CookieTree
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Joined: Sun Jul 12, 2009 11:29 pm
Location: San Leandro

A sago palm and bees

I've got a sago palm/cycad in my front yard and some bees have decided to make it as their new home. The hive which I think they are developing is pretty low to the ground. The pictures linked in this topic show a community of bees that have stayed group together on the same plant for at least 3-5 days now. Here are the pictures:

1.1
[img]https://img9.imageshack.us/img9/8823/p1070415b.jpg[/img]
https://img9.imageshack.us/img9/8823/p1070415b.jpg

1.2
[img]https://img233.imageshack.us/img233/4282/p1070442.jpg[/img]
https://img233.imageshack.us/img233/4282/p1070442.jpg

1.3
[img]https://img208.imageshack.us/img208/6430/p1070429.jpg[/img]
https://img208.imageshack.us/img208/6430/p1070429.jpg

The bees are about 4 feet away from the sidewalk.

EDIT:
I just checked at about 6:30pm today - all the bees had left and all that remained was just the white wax as you see there and a little bit of the same right under. My guess was the bees were just resting there for migration.

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vintagejuls
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Joined: Sat Apr 11, 2009 8:12 am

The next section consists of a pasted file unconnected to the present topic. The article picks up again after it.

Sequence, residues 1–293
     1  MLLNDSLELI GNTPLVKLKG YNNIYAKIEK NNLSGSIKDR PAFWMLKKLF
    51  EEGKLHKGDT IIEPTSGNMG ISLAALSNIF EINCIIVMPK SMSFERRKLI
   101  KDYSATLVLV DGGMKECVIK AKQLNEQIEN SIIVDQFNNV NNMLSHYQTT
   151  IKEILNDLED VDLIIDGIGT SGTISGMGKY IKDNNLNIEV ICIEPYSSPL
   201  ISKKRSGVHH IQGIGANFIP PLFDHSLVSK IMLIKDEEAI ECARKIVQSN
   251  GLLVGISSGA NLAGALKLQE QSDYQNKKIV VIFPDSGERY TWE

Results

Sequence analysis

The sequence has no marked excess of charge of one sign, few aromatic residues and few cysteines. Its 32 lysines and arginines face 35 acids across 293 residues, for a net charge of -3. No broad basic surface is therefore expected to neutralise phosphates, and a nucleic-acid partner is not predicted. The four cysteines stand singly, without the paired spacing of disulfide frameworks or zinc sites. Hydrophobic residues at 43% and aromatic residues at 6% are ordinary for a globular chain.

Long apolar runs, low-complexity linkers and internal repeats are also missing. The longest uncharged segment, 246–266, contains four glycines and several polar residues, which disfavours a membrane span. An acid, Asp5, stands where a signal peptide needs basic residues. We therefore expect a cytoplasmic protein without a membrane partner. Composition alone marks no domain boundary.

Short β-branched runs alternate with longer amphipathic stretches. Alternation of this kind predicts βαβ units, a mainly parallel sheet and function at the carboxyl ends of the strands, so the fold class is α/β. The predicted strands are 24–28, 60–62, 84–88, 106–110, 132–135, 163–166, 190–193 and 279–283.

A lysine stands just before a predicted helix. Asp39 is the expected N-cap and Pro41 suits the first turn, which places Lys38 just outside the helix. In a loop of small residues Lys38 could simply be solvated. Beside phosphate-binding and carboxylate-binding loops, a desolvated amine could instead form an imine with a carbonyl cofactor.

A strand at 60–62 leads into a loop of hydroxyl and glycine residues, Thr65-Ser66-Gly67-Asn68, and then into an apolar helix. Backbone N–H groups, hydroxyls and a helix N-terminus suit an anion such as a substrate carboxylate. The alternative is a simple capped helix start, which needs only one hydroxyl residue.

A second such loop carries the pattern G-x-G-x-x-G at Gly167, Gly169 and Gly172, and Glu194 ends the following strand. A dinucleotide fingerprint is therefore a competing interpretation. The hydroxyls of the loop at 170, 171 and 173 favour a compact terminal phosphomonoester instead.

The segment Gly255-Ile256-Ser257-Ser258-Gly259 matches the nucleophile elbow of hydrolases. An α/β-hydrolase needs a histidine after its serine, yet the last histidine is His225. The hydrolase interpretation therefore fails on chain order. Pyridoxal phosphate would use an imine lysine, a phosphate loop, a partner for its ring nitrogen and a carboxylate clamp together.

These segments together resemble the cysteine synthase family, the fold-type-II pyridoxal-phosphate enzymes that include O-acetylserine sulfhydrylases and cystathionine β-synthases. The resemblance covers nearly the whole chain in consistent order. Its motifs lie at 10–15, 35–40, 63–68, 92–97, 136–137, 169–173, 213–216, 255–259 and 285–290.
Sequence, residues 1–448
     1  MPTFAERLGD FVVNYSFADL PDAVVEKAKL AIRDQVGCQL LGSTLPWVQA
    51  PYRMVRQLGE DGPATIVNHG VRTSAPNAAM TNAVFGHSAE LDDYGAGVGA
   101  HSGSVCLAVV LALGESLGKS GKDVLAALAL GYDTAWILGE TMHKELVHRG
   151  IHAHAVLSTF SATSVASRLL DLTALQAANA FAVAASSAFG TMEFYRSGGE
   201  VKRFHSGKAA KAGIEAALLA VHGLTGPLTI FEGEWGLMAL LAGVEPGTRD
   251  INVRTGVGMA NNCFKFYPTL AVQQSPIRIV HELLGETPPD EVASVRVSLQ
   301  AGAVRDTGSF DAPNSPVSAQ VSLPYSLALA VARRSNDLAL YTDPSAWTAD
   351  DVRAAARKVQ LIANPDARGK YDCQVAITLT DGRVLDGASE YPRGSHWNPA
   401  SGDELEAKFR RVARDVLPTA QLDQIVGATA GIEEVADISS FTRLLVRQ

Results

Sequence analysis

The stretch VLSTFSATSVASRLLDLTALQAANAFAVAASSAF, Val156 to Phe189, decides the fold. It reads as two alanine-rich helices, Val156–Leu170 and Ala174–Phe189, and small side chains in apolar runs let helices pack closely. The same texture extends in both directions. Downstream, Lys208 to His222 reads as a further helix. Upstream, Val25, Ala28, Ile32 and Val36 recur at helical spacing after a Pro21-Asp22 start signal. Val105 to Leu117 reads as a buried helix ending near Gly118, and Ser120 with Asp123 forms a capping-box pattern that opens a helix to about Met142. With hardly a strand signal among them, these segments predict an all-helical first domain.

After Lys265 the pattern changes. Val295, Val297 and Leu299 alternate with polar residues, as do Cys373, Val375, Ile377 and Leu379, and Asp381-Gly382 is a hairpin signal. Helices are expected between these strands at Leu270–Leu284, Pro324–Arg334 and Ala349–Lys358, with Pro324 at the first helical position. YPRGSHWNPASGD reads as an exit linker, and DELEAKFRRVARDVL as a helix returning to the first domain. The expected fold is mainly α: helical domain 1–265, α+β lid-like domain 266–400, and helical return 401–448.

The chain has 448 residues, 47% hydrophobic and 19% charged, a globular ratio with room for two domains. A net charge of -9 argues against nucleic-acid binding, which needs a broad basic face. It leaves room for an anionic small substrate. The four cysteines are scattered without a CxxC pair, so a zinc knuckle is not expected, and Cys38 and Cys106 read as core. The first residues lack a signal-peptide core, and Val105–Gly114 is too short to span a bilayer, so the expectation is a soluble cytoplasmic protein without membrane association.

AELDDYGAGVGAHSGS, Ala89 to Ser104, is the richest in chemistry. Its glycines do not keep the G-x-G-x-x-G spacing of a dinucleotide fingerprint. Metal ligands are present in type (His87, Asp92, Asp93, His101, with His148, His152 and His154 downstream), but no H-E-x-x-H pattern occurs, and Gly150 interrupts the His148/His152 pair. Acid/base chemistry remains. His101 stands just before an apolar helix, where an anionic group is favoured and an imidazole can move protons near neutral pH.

Location: Southern California / USDA Zone 10

WOW! OMG! :shock:

I don't think I would of believed it had I not seen it. That is something to experience. Was the buzzing loud?

Thanks so much for sharing! :o
~ Julie

Tomorrow is a new day; you shall begin it well... Emerson

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tomf
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Location: Oregon

I have seen them do this before and then they all flew away.

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applestar
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Location: Zone 6, NJ (3/M)4/E ~ 10/M

I believe those bees are "swarming" -- congregating around a brand new queen to start a new colony. Most likely not making a nest on the palm. Usually after a day or two, they fly off together to (find? -- maybe they're sending out scouts right now...?) a likely nest-site.
I've no idea how to verify, but you want to be sure they're not the African bees -- they are said to be unpredictably (or actually predictably) aggressive, often responding to whirring noise like bicycles and lawn mowers, or regular thudding of joggers.

If they ARE honey bees, any local beekeeper would be HAPPY to come collect the swarm. They will also come and verify the type of bee, usually for free, though they won't take away non-honeybees. If you want to take up beekeeping, I've seen "kits" in catalogs and on-line, but you're probably better off taking a class or workshop first. (That's on one of my "things to do someday" lists :wink: )

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